Identifying Maternal Self-Reported Alcohol Use Associated With Fetal Alcohol Spectrum Disorders

Authors

  • Helen M. Barr,

    1. Department of Psychiatry and Behavioral Sciences, Fetal Alcohol and Drug Unit, University of Washington School of Medicine, Seattle, Washington.
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  • Ann P. Streissguth

    Corresponding author
    1. Department of Psychiatry and Behavioral Sciences, Fetal Alcohol and Drug Unit, University of Washington School of Medicine, Seattle, Washington.
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  • Supported by US Public Health Service Grant R37 AA01455–01–25 from the NIAAA (APS).

Reprint requests: Ann P. Streissguth, PhD, Department of Psychiatry and Behavioral Sciences, Box 359112, University of Washington, Seattle, WA 98195; Fax: 206-685-2903; E-mail: jp43@u.washington.edu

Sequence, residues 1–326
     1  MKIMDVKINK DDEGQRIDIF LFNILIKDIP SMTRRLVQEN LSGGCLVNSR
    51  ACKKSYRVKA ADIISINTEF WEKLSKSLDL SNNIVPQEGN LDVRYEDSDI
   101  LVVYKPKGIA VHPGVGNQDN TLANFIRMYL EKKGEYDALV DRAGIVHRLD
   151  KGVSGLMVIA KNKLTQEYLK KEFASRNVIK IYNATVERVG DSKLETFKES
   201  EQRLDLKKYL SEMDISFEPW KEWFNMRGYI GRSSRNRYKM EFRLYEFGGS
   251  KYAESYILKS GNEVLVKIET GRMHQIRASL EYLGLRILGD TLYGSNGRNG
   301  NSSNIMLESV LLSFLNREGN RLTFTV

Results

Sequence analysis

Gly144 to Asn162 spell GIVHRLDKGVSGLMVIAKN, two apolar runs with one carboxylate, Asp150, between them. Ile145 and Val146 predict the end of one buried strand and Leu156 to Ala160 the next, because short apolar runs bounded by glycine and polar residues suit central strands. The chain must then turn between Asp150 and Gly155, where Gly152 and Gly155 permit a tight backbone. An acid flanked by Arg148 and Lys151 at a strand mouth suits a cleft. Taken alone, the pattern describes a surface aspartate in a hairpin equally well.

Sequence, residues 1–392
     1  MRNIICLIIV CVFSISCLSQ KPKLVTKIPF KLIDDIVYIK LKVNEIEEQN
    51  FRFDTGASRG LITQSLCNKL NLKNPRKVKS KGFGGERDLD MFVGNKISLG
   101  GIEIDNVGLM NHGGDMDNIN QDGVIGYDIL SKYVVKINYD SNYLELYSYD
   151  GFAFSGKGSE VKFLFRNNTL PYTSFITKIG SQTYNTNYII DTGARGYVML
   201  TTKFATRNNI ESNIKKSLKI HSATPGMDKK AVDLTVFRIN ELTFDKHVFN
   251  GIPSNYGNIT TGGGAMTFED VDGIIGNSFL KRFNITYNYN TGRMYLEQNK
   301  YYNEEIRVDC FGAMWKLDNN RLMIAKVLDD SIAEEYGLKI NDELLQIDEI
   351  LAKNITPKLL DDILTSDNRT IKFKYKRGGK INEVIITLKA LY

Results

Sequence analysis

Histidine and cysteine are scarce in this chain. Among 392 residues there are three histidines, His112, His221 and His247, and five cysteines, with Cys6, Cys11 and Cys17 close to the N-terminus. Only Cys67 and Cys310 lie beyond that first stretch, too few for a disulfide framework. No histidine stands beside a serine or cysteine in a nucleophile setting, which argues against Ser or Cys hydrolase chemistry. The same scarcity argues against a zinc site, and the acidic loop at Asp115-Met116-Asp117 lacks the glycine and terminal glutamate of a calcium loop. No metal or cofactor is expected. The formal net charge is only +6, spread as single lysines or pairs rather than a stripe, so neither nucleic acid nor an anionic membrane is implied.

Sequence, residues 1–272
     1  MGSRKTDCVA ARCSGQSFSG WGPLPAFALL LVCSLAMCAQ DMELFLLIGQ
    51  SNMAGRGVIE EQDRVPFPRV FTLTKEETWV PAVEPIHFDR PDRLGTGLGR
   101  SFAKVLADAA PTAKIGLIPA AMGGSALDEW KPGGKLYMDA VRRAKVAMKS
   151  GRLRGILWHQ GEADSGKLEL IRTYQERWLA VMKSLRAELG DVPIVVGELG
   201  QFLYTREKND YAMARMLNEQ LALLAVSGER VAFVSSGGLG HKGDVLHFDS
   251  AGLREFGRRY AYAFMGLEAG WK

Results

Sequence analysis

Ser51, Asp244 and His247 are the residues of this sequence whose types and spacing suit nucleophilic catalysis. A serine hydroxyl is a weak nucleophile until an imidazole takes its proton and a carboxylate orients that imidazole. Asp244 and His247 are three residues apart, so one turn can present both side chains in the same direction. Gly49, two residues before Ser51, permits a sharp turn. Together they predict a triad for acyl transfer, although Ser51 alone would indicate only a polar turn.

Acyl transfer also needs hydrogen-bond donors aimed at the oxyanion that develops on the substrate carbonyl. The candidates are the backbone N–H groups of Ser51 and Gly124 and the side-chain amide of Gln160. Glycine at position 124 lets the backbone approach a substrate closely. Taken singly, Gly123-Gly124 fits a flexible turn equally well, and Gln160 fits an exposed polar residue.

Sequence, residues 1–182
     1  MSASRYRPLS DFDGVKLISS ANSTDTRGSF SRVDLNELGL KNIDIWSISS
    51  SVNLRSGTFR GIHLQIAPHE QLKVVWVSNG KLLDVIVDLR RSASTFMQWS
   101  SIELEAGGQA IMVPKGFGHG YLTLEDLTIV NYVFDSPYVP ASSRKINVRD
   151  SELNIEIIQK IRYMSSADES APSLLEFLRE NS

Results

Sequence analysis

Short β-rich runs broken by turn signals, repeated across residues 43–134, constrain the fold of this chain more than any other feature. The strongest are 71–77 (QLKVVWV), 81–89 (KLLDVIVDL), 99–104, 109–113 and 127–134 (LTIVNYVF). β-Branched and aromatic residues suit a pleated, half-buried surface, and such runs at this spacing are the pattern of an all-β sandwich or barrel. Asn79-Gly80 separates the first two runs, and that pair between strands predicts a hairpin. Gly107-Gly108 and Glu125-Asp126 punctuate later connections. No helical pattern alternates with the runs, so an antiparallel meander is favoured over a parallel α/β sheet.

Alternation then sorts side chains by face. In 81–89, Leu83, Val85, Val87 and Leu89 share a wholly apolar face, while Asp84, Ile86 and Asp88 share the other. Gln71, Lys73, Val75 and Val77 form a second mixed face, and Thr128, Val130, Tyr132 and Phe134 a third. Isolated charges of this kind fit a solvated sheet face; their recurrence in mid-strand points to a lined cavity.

Abstract

Background: The incidence of Fetal Alcohol Syndrome (FAS) has been estimated at 1 to 3 per 1000 live births. Fetal Alcohol Spectrum Disorders (FASD) (which include FAS) are estimated to occur in about 1 in 100 births. Cessation of drinking during pregnancy can improve the outcome even if the unborn child is already affected. For individuals born with FASD, an early diagnosis appears to be a protective factor against secondary disabilities. A quick screening tool to identify newborn children at risk has been elusive.

Methods: A simple descriptive presentation is offered that shows where 36 individuals with FASD were found from among the many patterns and amounts of prenatal alcohol use that were reported by a sample of 1439 pregnant women whose offspring were later e-amined within the first 7 years of life.

Results: Individuals with FASD (i.e., those with FAS, fetal alcohol effects, alcohol-related neurodevelopmental disorder) were found within two aggregates of alcohol scores that together recommend a set of three to four alcohol questions. Within this derivation sample, one scoring of the questions yields almost 78% sensitivity and 97% specificity for FASD. Another scoring of the same instrument yields 100% sensitivity with 90% specificity.

Conclusions: These new data may facilitate early identification of offspring who may be most in need of early intervention, namely those born with FASD.

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